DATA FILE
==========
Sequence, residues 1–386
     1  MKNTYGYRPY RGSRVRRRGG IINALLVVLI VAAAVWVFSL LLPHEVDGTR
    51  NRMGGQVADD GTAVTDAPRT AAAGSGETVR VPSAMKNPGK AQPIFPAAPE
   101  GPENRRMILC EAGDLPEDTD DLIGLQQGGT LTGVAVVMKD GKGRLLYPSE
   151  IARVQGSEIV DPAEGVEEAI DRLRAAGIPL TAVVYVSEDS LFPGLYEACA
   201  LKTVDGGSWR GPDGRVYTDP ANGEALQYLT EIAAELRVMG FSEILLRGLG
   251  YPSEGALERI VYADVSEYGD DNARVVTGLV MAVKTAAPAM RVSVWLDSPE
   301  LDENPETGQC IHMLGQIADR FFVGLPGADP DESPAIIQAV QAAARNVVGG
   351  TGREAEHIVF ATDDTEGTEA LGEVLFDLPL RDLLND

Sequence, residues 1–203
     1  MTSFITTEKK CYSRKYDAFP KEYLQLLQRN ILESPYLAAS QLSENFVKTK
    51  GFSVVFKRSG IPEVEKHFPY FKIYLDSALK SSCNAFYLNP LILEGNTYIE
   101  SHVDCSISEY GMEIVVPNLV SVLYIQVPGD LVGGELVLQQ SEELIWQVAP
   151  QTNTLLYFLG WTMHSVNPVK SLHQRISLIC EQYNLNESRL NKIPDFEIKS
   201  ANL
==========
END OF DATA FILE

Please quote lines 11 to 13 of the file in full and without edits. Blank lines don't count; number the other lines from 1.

     1  MTSFITTEKK CYSRKYDAFP KEYLQLLQRN ILESPYLAAS QLSENFVKTK
    51  GFSVVFKRSG IPEVEKHFPY FKIYLDSALK SSCNAFYLNP LILEGNTYIE
   101  SHVDCSISEY GMEIVVPNLV SVLYIQVPGD LVGGELVLQQ SEELIWQVAP